The metalworking industry accounts for a large proportion of German manufacturing companies. In many of these, pieces of sheet metal need to be washed and painted following their forming processes. These processes require particular attention when it comes to energy consumption.
Here, processes and plants harbour enormous saving potential. For the Efficiency Plus project at Viessmann, for example, measurements provided pertinent parameters which allowed comparisons between production numbers and energy consumption to be made. The result: in the same process, energy consumption could vary by up to 20 percent.
Fluids employed in production are frequently treated and reused several times in sealed circuits before the waste heat is fed into the compound energy system.
The new lighting concept focused on factors such as economy, effectiveness in the working environment and automation. New LED technology achieves the same level of brightness with substantially less energy and still offers a long service life.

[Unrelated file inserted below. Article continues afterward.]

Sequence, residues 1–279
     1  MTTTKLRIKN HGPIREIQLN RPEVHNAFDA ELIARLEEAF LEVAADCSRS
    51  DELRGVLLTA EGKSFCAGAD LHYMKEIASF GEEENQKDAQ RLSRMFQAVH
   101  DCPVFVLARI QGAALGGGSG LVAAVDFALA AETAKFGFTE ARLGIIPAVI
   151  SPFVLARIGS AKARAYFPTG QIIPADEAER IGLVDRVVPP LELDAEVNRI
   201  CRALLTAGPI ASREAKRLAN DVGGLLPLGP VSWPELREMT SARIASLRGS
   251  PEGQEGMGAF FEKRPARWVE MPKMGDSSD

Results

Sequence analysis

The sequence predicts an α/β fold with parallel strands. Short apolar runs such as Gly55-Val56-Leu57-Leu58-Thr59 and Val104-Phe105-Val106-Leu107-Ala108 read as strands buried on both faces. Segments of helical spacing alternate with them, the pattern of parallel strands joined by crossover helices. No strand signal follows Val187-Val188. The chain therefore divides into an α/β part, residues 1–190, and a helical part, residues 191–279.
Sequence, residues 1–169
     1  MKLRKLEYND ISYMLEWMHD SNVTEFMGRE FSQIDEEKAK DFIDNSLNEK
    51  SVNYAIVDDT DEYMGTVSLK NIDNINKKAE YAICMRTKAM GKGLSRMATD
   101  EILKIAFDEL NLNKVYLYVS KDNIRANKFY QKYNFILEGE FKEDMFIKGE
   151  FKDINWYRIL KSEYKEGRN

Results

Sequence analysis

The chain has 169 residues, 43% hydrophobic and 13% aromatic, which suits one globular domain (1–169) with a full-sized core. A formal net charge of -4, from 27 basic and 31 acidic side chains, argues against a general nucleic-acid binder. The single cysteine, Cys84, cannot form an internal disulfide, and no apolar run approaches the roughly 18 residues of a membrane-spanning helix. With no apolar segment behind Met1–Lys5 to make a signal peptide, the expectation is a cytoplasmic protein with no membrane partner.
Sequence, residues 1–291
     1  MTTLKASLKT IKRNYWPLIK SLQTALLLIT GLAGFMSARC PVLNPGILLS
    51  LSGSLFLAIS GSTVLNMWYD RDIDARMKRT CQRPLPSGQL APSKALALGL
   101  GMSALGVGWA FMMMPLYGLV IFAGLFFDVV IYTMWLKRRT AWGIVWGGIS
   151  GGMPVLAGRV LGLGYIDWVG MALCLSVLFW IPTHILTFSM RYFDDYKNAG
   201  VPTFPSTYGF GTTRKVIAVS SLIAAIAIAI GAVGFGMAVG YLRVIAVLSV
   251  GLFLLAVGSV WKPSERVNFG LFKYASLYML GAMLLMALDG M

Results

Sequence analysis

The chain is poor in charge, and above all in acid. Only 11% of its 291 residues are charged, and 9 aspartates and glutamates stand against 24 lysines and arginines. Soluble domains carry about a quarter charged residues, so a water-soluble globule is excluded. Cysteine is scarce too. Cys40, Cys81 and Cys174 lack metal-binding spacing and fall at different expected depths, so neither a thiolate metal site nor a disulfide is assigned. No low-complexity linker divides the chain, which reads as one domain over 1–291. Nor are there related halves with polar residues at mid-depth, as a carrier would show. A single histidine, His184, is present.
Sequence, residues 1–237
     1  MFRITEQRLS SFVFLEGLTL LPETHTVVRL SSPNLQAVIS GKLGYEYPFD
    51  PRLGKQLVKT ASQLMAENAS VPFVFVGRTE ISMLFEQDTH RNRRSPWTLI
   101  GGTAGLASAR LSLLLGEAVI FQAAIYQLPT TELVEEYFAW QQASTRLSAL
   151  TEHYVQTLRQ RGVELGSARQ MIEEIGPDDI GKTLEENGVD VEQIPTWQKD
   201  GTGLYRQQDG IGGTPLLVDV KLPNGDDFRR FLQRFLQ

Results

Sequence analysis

The long-term aim is a 100 percent supply using this environmentally responsible fuel. Sustainability is the buzz word here, meaning we use only as much biomass as regrows within the same period.
In addition, a biogas plant employing dry fermentation supplies around 2.7 MWh of power and heat every year. The substrate comprises local agricultural and landscape waste, as well as regenerative raw materials. A second biogas plant was completed in 2013. This is a wet fermentation plant, which uses 15,000 tonnes of substrate annually to generate around 1.6 million cubic meters of biogas. This is upgraded to natural gas quality and injected into the natural gas grid.